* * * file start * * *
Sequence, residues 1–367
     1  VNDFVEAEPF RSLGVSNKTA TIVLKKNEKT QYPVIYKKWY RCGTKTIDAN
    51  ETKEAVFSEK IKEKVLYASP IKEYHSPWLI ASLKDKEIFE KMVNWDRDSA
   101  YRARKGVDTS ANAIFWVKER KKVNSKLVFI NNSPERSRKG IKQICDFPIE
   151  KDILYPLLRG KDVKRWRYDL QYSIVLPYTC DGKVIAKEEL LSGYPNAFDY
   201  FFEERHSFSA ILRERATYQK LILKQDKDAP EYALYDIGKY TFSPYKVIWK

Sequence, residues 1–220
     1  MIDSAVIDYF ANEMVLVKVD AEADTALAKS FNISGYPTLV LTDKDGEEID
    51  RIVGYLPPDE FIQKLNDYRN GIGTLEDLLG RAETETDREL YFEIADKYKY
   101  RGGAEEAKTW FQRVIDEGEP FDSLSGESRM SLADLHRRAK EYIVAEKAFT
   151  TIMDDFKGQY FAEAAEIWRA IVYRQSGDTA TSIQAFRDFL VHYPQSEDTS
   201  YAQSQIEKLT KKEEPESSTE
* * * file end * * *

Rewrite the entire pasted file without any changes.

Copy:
Sequence, residues 1–367
     1  VNDFVEAEPF RSLGVSNKTA TIVLKKNEKT QYPVIYKKWY RCGTKTIDAN
    51  ETKEAVFSEK IKEKVLYASP IKEYHSPWLI ASLKDKEIFE KMVNWDRDSA
   101  YRARKGVDTS ANAIFWVKER KKVNSKLVFI NNSPERSRKG IKQICDFPIE
   151  KDILYPLLRG KDVKRWRYDL QYSIVLPYTC DGKVIAKEEL LSGYPNAFDY
   201  FFEERHSFSA ILRERATYQK LILKQDKDAP EYALYDIGKY TFSPYKVIWK

Sequence, residues 1–220
     1  MIDSAVIDYF ANEMVLVKVD AEADTALAKS FNISGYPTLV LTDKDGEEID
    51  RIVGYLPPDE FIQKLNDYRN GIGTLEDLLG RAETETDREL YFEIADKYKY
   101  RGGAEEAKTW FQRVIDEGEP FDSLSGESRM SLADLHRRAK EYIVAEKAFT
   151  TIMDDFKGQY FAEAAEIWRA IVYRQSGDTA TSIQAFRDFL VHYPQSEDTS
   201  YAQSQIEKLT KKEEPESSTE